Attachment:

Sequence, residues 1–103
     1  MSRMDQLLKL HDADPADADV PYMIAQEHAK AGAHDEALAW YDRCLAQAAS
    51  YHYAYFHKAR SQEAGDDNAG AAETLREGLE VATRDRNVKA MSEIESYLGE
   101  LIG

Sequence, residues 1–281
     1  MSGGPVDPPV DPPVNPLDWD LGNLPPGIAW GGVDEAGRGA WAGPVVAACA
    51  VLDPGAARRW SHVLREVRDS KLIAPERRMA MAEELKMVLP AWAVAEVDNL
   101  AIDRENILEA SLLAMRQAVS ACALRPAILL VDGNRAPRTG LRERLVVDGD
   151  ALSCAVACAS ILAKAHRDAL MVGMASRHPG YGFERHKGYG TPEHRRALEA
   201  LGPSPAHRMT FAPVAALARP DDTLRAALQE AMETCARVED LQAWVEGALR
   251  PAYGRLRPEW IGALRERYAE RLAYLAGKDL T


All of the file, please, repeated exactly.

Sequence, residues 1–103
     1  MSRMDQLLKL HDADPADADV PYMIAQEHAK AGAHDEALAW YDRCLAQAAS
    51  YHYAYFHKAR SQEAGDDNAG AAETLREGLE VATRDRNVKA MSEIESYLGE
   101  LIG

Sequence, residues 1–281
     1  MSGGPVDPPV DPPVNPLDWD LGNLPPGIAW GGVDEAGRGA WAGPVVAACA
    51  VLDPGAARRW SHVLREVRDS KLIAPERRMA MAEELKMVLP AWAVAEVDNL
   101  AIDRENILEA SLLAMRQAVS ACALRPAILL VDGNRAPRTG LRERLVVDGD
   151  ALSCAVACAS ILAKAHRDAL MVGMASRHPG YGFERHKGYG TPEHRRALEA
   201  LGPSPAHRMT FAPVAALARP DDTLRAALQE AMETCARVED LQAWVEGALR
   251  PAYGRLRPEW IGALRERYAE RLAYLAGKDL T